Invitrogen this week announced the launch of the Premo halide sensor, a pharmacologically relevant sensor for functional studies of ligand- and voltage-gated chloride channels.
The sensor is based on a halide-sensitive form of Venus, the brightest available yellow fluorescent protein, according to the company. Users introduce the Premo halide sensor into cells of interest 24 hours ahead of the assay via BacMam technology, add iodide-containing buffer to the culture, and then add test compounds.
Using a mix and read format, a quantitative measurement of channel activity is obtained, allowing identification of compounds modulating chloride channel activity.
PerkinElmer this week announced the launch of the Volocity 5 high-performance imaging software suite, developed by Improvision, a PerkinElmer company.
Volocity 5 software acquires three-dimension and four-dimension images, and allows data visualization, deconvolution, publication, object measurement, tracking, and charting, the company said.
Researchers can use Volocity to either directly acquire cell images or import the data from fluorescence microscopy systems. Acquired images are then analyzed in 3D and 4D, delivering both qualitative and quantitative information. Volocity 5 also features a streamlined user interface.
The Volocity suite comprises four core software products, all of which are available for Windows and Mac operating systems: Volocity Acquisition, designed for high-speed image capture, ranging from 2D image capture to multi-channel 4D experiments; Volocity Visualization, for interactive, high-resolution 4D rendering of multi-channel 3D and 4D data sets; Volocity Quantitation, for measuring, tracking, and analyzing structure and function in 3D and 4D image data; and Volocity Restoration, for converting standard wide field fluorescence microscope images into confocal-quality data.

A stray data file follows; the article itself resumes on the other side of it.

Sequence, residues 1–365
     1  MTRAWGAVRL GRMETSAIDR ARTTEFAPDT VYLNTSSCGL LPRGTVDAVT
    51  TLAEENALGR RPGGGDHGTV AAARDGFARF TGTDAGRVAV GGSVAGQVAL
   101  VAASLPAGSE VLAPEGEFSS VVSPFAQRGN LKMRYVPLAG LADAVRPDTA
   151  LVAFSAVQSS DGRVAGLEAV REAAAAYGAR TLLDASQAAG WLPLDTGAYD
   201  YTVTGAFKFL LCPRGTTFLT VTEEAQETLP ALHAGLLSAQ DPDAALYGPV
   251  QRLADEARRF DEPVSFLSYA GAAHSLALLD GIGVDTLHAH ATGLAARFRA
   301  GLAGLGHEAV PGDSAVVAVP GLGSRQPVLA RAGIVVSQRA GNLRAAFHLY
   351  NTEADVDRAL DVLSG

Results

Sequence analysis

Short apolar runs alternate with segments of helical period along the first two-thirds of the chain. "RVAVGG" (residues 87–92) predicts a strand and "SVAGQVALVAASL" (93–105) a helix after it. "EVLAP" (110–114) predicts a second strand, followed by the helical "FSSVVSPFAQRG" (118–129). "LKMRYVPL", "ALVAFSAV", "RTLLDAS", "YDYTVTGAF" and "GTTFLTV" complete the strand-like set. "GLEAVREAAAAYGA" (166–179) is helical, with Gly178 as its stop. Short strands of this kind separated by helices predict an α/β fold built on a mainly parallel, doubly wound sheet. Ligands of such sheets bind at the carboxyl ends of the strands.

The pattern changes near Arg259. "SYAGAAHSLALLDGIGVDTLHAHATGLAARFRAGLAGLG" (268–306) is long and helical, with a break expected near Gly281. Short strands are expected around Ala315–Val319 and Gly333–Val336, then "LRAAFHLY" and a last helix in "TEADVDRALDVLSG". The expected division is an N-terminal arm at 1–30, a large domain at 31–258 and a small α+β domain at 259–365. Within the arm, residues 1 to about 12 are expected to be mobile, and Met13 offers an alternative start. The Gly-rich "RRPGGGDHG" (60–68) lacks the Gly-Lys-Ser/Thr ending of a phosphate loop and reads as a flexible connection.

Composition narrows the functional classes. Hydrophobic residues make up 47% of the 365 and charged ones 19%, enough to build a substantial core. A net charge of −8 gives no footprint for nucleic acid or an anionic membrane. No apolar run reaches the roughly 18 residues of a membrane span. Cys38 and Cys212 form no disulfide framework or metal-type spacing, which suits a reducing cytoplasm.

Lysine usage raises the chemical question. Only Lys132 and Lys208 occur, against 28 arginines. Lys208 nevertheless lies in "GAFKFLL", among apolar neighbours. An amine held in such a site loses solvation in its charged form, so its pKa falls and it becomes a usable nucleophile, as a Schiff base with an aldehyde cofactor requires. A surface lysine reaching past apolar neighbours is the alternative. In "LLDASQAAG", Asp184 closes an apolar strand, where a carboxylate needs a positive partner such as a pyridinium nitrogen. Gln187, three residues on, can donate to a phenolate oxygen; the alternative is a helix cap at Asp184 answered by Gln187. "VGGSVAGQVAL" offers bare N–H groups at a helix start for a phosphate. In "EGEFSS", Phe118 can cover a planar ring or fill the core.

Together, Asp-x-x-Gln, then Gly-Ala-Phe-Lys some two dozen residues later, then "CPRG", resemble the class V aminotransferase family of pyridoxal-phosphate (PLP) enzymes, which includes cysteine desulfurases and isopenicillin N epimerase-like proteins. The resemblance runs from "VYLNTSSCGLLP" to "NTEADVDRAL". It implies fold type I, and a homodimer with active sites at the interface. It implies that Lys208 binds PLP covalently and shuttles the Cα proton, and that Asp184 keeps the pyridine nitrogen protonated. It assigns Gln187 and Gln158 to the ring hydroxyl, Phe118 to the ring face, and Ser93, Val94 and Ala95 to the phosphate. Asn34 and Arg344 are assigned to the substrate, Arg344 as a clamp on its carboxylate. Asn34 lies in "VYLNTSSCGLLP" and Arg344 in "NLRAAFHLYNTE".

The new features of Volocity 5 include: a new library view, for improved workflow and ease of navigation, to increase productivity; an updated renderer, for changes to data handling and memory management when working with large datasets; image and slice views, now with bookmarks and movie making, to turn image data into movies to share and publish; user-specified XY dimensions for movies and snapshots, to prepare data for publication; and a new Windows Vista and Mac OS X user interface to keep the system up to date with the latest operating system.
MaxCyte this week announced the European launch of the MaxCyte STX scalable transfection system.
The MaxCyte STX System enables the small- and large-scale transfection of primary cells, cell lines, and stem cells with single and multiple loading agents at the same time. About 10 billion cells can be transfected in less than 30 minutes. The MaxCyte STX can be a useful tool for biopharmaceutical companies to develop more relevant screening systems, which can increase the likelihood of finding successful drug candidates, the company said.
MaxCyte launched the STX scalable transfection system in the US last month (see CBA News, 10/24/08).